The increase in the US public’s intentions to reactivate their leisure behaviors is even more evident in the one-month intent to visit metric – which, for the third consecutive week, has again increased and is now at two-thirds of its historically observed level.

At a currently observed value of 21, three-month intentions to visit are consistent with historically observed levels for the end of April. (Phew!) Collectively, this information affirms the belief that the public continues to view the coronavirus as having a finite duration of causing a significant interruption in their planned activities. We may have moved from considering “if” stay-at-home orders will end, to contemplating “when” they’ll end – and what we’ll get back to doing when they do.

Whether the public is right or wrong about all of this remains to be seen. One might argue that it may not matter that people intend to leave their homes if time creeps on and people are still forced to remain inside of them by government mandate. But these findings are still incredibly informative for strategic operations. If people intend to visit, then they are planning their visit – and people are starting to do this now. It’s beneficial for cultural institutions to remain top of mind so these visits may be realized, particularly in the event that organizations do start to reopen in the relative near-term.


Do these findings mean that things will go back to “normal” within three months?

No. Not necessarily.

While intentions to visit a cultural entity within three months match last year’s metrics, research shows that that demand is being redistributed. People report that they are more likely to visit organizations that allow for freedom of movement (such as an art museum or zoo) compared to those in stationary, confined spaces (such as a symphony).

We’ll repeat this for good measure: These findings mean that people intend to start to have cultural experiences again within the coming months, but it does not mean that they expect operations to remain exactly the same. It doesn’t appear that institutions will get “bonus points” for altering operations to make people feel safe. Increasing intentions to visit – coupled with the small percentage of likely attendees willing to visit without changes – implies that people expect organizations to carry out operational and programming enhancements designed to recognize a likely new normal. Only one in four people currently feel comfortable attending an exhibit-based cultural institution – such as a museum, aquarium, or historic site – without changes that prioritize guest safety. Only about one in seven feels comfortable visiting a performance-based institution – such as a theater or symphony – without operational and strategic changes to prioritize safety.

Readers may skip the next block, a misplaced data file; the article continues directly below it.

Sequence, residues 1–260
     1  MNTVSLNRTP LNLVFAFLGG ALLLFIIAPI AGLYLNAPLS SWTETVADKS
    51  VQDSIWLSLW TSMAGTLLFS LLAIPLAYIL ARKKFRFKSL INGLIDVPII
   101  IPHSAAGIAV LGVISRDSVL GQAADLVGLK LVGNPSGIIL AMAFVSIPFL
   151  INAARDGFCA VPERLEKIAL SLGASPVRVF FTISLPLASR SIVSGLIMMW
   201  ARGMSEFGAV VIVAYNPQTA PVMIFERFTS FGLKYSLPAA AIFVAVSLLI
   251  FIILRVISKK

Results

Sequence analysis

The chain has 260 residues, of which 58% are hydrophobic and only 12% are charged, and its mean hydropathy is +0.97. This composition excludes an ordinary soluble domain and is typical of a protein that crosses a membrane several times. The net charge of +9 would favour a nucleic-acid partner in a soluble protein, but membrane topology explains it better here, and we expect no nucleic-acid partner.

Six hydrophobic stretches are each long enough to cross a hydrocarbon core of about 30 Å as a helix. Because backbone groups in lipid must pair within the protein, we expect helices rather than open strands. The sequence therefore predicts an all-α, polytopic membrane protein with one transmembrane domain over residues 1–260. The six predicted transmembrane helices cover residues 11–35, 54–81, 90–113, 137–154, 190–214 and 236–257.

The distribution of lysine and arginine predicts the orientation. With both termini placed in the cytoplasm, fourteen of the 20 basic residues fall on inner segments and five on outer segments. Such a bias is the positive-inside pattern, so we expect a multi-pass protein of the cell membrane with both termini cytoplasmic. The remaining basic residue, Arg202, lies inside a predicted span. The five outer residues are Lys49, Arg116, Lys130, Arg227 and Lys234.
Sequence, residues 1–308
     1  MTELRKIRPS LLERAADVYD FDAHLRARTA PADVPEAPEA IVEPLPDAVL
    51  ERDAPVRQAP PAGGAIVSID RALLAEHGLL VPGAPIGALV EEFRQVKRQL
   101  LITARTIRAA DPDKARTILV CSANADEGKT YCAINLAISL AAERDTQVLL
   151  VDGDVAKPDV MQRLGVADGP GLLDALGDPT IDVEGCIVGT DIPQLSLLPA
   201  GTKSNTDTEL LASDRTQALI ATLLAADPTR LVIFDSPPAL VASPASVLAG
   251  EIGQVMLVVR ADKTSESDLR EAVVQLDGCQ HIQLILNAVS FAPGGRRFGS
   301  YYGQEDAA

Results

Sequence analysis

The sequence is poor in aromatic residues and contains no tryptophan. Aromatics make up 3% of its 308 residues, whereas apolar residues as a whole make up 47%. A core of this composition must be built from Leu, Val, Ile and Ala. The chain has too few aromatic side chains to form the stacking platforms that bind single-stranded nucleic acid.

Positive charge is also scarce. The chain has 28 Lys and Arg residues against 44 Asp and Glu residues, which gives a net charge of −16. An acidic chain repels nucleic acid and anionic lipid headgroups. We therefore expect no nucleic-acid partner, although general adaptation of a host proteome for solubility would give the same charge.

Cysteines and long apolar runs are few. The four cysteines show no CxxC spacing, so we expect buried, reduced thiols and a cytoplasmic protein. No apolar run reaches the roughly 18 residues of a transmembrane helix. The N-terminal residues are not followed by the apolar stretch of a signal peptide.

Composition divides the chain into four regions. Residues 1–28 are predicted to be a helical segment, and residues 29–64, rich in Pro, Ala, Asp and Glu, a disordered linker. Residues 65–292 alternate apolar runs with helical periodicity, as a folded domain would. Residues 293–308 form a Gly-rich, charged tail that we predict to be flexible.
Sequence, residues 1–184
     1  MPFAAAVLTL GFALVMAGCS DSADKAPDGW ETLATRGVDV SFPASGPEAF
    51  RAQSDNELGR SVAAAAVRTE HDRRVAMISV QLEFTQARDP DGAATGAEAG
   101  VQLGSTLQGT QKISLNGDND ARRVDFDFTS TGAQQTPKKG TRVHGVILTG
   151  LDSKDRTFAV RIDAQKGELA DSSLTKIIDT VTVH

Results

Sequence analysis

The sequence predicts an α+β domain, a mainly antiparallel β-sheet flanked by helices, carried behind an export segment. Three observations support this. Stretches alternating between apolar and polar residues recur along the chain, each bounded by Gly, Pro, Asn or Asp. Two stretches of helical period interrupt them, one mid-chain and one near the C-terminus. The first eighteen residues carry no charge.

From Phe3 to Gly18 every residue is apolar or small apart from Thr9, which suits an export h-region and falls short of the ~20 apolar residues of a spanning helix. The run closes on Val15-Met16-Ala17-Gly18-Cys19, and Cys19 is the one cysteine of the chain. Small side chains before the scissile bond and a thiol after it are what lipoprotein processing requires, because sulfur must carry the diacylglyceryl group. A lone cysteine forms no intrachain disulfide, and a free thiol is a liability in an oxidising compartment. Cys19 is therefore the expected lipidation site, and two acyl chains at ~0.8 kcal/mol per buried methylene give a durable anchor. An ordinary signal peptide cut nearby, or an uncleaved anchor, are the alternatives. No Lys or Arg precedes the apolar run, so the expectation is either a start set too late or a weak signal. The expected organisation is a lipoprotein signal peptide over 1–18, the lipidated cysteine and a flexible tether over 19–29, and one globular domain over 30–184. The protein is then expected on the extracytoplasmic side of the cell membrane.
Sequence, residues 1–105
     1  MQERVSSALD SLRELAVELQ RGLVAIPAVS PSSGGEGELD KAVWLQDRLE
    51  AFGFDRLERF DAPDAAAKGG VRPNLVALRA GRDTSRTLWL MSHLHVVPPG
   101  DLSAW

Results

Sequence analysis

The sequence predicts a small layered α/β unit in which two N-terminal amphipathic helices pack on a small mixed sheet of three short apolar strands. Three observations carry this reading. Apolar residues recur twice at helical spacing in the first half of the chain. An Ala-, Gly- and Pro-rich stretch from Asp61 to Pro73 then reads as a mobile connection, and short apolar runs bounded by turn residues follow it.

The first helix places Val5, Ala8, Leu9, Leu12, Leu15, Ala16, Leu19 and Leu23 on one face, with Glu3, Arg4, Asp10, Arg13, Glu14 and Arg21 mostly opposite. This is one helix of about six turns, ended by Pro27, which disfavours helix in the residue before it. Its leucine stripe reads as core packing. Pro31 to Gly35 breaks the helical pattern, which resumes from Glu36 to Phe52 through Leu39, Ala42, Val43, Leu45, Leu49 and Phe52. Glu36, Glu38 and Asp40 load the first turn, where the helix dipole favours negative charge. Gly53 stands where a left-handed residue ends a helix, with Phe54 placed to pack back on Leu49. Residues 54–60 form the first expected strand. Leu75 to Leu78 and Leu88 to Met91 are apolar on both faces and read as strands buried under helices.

Updated variance by region

In the charts below, we’ve shared data for many of the most populated geographic areas in the United States. Since commencing research concerning the impacts of COVID-19, our data collection processes have endeavored to be representative of United States. Thus, as a function of representative data collection, we currently have collected more samples from more populated states and regions.

In many cases, we’ve also grouped states together by both their geographic proximity and attitudinal similarity. For example, surveyed respondents in California, Oregon, and Washington indicate similar intentions to visit cultural entities; thus, they have been collectively aggregated and defined as a unique cohort. Where attitudinal variances have been observed within a region, this region has been accordingly segmented.

Again, it’s helpful to start with a look at intentions to visit by region on April 30th, 2019 for comparative context.

As you can see, some states indicate different levels of intentions to visit even during a non-pandemic time-period. This makes sense. Not every region has equal access and/or interest in cultural organizations.  We frequently observe that regions with greater densities – both in terms of population and cultural enterprise – have higher near-term intentions to visit a cultural organization. This logical, as it takes a lot less time to plan a visit to an organization across the street than one that is a road trip or airplane flight away.  This is also why the time between the decision to attend and when one actually walks through the door (“lead time to visit”) correlates with how close someone lives to the organization.

Here’s where things stood this last Saturday, April 25th, 2020:


This is our fourth week tracking intentions to visit for most regions. This is our second week publishing data for the region of Arizona, Colorado, Nevada, Utah, and New Mexico. It’s clear that there’s generally a shared trendline within the United States, despite regional variance.

Let’s look at the one-month intentions to visit that we’ve been tracking first. Remember that in April 2019, one-month intentions to visit were at a national average of 15. As you can see, intentions haven’t yet recovered for the one-month timeframe – even in regions that had started reopening this week. This may be due to uncertainty in the immediate near-term as phased reopenings take place in these regions.


Now let’s look at three-month intentions to visit – which have recovered to the same value as this same time period last year with a national average of 21. While regional variance was significant over the last six weeks, all monitored regions have generally rebounded to approximate similar values when compared to last year.

This is exciting news!

As always, these metrics are subject to change as actualities and perceptions evolve. Intentions to visit within one month are still depressed, but they are increasing. The increase over time is good news for cultural institutions eager to reopen, and intentions to visit within three months currently matches this timeframe last year.

More good news? The trend appears durable, as it has been on the steady ascent over the past month. Intentions to return to out-of-home leisure activities are currently strengthening. Whether the virus and our reaction to it will allow for these intentions to be realized still remains to be seen. For now, though, people who enjoy visiting cultural organizations are starting to plan their summer trips again.

We’ll continue to keep you posted.

Stay safe, everyone. As usual, we’ll see you back here on Wednesday with more data and analysis.


Here are the COVID-19 data insights for cultural entities that we’ve published thus far. Don’t want to miss an update? Subscribe here to get the most recent data and analysis in your inbox.